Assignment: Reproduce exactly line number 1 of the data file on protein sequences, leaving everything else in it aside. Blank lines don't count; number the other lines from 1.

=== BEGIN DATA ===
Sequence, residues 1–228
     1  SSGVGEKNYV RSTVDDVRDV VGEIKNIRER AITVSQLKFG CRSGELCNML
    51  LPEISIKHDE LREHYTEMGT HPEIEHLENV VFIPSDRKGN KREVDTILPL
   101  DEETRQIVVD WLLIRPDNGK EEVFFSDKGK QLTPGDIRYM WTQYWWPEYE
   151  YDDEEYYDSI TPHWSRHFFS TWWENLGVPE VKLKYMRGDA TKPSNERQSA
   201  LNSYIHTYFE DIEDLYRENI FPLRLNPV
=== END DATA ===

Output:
Sequence, residues 1–228